One of the easiest ways to avoid missing your financial goals is to avoid losses caused by fraud. This is something that is easier said than done as scams aren’t as obvious as most people think. A recent study from AARP showcases the most likely targets of this kind of fraud.
AARP surveyed over 200 victims to find some common characteristics between them. Most of the victims said they had put money into an unregulated investment and believed that a high return of investment was a sign something was successful. This made them more likely to fall for a sales pitch promising some kind of get-rich-quick scheme.
The victims also reported they would commonly receive phone calls or emails with a clear financial orientation. The worst thing was that they would sometimes respond to them, along with financially-focused commercials on TV. The victims also made trades and financial decisions at a higher rate than the general public.
The demographics of the victims are also worth looking at. The victims tended to be old, married men and military veterans. The victims also tended to describe themselves as being conservative politically. This trait in particular could make the potential victim more likely to fall for a pitch based on precious metals.
AARP have some suggestions to avoid falling for scams. They range from having your name put on Do Not Call lists and sticking to regulated investments such as annuities, mutual funds, and large-company stocks offered by investment advisors regulated by Finra. Finra is the Securities and Exchange Commission. There are also other regulatory bodies that can be trusted.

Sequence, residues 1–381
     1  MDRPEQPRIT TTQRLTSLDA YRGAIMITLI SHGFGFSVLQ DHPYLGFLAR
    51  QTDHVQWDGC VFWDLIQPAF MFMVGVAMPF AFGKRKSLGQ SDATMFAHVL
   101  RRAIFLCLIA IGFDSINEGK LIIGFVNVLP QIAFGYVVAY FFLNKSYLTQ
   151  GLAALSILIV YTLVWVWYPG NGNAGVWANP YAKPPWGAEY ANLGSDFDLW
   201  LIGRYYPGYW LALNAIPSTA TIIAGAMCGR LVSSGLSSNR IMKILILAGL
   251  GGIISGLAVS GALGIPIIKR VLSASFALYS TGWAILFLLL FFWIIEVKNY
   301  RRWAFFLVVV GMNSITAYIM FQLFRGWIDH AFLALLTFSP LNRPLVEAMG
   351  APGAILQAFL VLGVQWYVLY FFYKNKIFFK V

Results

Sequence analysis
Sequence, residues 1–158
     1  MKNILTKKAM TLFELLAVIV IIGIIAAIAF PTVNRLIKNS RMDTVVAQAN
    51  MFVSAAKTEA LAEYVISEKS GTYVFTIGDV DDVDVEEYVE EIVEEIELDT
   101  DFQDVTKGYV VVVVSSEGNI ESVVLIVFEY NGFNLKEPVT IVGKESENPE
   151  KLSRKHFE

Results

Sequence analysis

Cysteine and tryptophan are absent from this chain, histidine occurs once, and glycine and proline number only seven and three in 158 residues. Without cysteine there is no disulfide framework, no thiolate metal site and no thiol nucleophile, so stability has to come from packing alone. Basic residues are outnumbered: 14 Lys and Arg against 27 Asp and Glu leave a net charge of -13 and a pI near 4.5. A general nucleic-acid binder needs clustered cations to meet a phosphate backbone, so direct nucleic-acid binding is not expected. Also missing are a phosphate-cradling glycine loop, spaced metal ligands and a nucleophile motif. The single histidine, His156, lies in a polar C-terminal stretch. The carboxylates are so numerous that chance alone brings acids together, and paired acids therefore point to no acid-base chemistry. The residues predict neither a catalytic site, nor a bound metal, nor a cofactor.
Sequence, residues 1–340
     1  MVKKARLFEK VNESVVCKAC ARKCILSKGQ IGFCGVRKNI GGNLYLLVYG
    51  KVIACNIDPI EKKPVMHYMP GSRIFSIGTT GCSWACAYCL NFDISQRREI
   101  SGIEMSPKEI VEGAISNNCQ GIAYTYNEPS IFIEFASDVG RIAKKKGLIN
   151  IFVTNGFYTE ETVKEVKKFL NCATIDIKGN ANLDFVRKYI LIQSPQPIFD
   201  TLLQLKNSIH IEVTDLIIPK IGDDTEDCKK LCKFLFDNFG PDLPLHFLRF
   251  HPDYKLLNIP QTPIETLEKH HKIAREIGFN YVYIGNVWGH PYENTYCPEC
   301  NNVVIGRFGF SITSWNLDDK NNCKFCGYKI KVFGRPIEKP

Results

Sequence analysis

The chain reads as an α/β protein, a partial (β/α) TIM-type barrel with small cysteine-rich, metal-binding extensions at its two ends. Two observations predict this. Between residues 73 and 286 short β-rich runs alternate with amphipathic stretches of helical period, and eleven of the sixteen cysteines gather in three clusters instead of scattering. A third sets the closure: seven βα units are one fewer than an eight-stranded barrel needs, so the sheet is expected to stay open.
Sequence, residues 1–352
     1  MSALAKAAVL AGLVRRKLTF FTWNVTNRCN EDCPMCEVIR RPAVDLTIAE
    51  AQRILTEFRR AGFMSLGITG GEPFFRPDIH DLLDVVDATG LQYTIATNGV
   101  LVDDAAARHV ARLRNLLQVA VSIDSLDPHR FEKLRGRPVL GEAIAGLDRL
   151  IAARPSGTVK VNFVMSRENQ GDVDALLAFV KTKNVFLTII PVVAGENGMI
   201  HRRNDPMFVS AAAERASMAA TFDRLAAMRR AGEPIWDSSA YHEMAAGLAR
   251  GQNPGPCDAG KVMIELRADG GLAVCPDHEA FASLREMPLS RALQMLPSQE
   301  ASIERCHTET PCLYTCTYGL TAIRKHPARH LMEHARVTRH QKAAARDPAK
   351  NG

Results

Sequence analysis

Learn the Basics
If you feel that your financial knowledge is lacking, we recommend looking at the self-assessment and learning guide offered by Money Management International. This non-profit credit-counseling agency put together the free financial-wellness plan and put it online for everyone. There has never been a better time to read it either, as April has been dubbed “Financial Literacy Month”. The guide is offered in 30 steps, each one focuses on a particular topic. It’s designed for you to go through one step each day, but you can go through the program at your own pace; taking more or less than a month if needed.
Basic topics about money are covered, such as assessing your net worth, putting together a budget, savings, paying debts, setting goals, getting credit reports, understanding loans, assessing insurance, and dealing with your financial-receipt clutter. It doesn’t take a whole lot to get involved with investing, including using a 401(k)-style plan or creating an Individual Retirement Account. The guide comes with worksheets that are easy to fill out, as well as short quizzes and references to learn more. Get your 30-step financial wellness guide from financialliteracymonth.com.